We said, ‘Okay, let's take a look at all of these subjects and see what can we do with this extra time. Should we start moving things around? How do we want to separate out these two courses? And honestly, the more we discussed it, and the more we looked at how far our members have come, it made more sense for us to really evolve both courses. And that brings us from Managing for Success to now Effective Leadership in our two new courses that will premiere in February,” said Kenton Kerns, assistant curator at Smithsonian’s National Zoo and Conservation Biology Institute in Washington, D.C., and a co-chair of the PDC.
Kenton Kerns © Smithsonian's National Zoo and Conservation Biology Institute.
The goal, according to Kenton and Kornak, is to send people out there with the best skills possible that will raise the entire AZA community, not just individual organizations. This way, if people move between facilities, they will still bring a high standard of leadership and invaluable people skills.
The two new courses are for distinct audiences. Effective Leadership: Foundation and Development is for building a strong base while supporting the front line. It’s designed for staff members in a new-to-them leadership role as well as people who are leading the frontline teams responsible for day-to-day operations. This course is also a great option for people who are seeking the skills to move into a leadership role one day in the future. Effective Leadership: Continuous Growth is designed for mid-level or senior-level leaders at an organization who are seeking to gain skills and knowledge that will help them advance their professional careers and support their teams with development. This course will focus on mission-alignment, advocacy, and leadership that moves from within a department into the broader organization.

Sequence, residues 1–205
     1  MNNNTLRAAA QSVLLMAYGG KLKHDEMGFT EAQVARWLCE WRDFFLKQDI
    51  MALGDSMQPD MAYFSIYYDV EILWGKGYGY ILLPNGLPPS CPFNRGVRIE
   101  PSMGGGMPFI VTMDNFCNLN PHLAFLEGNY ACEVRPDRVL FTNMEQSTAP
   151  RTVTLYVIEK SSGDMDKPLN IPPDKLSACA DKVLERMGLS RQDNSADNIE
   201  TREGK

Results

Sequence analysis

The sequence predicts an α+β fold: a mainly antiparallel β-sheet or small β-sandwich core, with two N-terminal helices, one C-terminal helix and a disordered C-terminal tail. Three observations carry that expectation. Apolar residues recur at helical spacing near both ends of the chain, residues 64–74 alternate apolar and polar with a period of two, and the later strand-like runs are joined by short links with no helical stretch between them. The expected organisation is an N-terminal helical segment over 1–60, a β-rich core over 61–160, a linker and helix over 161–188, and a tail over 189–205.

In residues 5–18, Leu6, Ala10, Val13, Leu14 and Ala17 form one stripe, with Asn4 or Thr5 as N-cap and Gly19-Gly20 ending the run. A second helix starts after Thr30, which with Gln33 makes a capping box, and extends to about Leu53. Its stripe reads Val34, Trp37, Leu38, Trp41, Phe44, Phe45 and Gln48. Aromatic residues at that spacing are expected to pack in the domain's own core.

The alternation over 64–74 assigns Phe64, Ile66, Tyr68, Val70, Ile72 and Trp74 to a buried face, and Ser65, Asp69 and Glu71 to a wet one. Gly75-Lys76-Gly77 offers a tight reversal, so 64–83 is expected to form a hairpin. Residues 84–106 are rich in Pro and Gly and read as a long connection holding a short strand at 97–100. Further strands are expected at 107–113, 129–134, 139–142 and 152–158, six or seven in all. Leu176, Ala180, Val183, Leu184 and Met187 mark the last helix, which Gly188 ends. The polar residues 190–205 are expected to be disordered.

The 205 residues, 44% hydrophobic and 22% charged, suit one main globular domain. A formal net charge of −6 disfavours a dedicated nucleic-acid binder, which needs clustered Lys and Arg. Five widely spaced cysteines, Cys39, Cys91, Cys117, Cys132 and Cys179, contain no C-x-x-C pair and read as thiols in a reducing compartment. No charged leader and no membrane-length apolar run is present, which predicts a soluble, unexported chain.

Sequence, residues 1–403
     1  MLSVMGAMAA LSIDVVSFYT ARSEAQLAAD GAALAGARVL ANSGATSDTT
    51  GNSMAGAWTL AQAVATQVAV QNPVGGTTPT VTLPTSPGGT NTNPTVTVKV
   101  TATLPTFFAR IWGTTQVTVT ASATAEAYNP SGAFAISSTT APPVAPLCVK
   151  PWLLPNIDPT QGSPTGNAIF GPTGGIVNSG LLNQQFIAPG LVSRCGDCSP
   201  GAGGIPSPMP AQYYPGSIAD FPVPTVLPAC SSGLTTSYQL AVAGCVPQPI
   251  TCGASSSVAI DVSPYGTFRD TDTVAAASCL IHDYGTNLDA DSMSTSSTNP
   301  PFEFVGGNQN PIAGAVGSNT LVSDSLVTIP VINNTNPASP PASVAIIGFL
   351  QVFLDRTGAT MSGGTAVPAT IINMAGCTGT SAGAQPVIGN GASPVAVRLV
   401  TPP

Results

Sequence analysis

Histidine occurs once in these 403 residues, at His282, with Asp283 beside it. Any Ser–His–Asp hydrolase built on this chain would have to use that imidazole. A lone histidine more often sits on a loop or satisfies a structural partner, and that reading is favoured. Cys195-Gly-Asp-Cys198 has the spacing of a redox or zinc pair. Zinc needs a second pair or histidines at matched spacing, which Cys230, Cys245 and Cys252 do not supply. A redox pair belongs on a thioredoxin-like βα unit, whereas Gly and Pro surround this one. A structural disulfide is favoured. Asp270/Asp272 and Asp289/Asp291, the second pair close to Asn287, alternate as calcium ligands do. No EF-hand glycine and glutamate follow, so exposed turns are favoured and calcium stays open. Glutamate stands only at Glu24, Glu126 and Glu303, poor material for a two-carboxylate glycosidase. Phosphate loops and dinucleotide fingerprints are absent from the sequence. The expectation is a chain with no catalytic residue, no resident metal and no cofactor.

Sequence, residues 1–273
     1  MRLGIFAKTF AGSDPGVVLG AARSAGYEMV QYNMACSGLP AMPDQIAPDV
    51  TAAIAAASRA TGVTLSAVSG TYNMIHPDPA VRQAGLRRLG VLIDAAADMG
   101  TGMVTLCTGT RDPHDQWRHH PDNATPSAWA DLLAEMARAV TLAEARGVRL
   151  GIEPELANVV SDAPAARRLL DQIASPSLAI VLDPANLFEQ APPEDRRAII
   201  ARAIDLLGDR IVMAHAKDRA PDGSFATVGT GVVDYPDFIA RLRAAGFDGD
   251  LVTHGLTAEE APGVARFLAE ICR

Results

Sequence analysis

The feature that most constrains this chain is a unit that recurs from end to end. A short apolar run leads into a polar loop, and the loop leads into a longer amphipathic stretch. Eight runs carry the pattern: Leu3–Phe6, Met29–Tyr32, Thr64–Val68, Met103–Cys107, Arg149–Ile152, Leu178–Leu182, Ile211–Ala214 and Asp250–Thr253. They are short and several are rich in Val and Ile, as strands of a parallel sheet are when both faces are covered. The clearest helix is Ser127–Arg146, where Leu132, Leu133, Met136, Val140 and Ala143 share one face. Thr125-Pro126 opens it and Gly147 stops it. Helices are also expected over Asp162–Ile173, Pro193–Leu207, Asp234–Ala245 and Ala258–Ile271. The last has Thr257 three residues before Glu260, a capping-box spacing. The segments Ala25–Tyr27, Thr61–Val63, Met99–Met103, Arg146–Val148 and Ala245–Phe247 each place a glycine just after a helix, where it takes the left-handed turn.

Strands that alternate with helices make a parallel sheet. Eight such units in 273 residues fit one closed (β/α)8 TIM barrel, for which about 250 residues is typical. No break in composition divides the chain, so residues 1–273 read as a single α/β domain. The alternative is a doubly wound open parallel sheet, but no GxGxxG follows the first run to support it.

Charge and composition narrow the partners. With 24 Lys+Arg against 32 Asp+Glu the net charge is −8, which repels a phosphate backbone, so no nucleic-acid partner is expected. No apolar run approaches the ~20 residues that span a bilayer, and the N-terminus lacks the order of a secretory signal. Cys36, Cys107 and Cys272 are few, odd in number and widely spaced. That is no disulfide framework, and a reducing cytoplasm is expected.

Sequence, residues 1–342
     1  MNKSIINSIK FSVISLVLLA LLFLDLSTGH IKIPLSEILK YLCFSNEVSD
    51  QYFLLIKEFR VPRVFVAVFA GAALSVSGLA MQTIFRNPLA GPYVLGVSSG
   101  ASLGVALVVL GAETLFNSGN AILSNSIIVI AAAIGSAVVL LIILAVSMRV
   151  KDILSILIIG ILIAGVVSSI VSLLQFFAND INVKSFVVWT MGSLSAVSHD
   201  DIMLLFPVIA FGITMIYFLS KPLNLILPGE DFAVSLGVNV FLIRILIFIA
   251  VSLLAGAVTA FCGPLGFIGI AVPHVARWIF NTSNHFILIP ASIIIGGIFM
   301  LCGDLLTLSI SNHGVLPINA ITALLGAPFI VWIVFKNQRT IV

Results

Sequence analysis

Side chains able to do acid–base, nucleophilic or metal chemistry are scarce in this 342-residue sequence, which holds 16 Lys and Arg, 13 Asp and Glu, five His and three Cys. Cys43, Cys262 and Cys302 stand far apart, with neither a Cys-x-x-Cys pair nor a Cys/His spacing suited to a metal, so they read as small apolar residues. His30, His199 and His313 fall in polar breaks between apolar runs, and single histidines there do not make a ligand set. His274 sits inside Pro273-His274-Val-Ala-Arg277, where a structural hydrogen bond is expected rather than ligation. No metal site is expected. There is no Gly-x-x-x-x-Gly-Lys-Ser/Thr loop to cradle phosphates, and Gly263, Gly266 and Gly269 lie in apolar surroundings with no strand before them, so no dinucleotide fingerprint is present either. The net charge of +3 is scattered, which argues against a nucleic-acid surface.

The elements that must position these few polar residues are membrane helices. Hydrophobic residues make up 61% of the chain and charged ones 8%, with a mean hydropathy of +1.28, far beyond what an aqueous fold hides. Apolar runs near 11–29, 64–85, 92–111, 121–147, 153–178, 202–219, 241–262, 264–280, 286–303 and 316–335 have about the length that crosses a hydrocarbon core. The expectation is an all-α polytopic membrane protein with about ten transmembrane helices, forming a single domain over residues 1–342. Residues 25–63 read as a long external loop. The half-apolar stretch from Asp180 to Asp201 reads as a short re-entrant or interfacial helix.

Each course is divided into categories for behaviors, focus, and oversight with detailed topic buckets. For Foundation and Development, the behavior bucket includes classes on Developing Your Authentic Self, Cultivating Strong Teams, and Leading with Influence. For the Continuous Growth class, the behavior bucket includes courses on Growing Your Leadership, Cultivating Organizational Culture, and Leading Leaders. Within the focus category, Foundation and Development includes Building Better Processes and Supporting Staff as People. In Continuous Growth, focus highlights Leading Better Processes, Leading People, and Leading Culture Internally and Externally. Under oversight, Foundation and Development offers Understanding Cultural Organizational Operations, and Growing Your Expertise and Experience. For Continuous Growth, oversight includes Growing Your Expertise and Engagement.
Laura Martina © Fresno Chaffee Zoo
There are many opportunities for self-assessment throughout the courses. Laura Martina, former chief people officer at the Fresno Chaffee Zoo in Fresno, Calif., joined the instructor team three years ago with a focus on personnel management and effective communication through understanding behavioral preferences. Her new courses address how to build leaders who understand the role they play in work culture while helping people understand their own motivations, how they communicate best, and how to incorporate and respect everyone’s differences.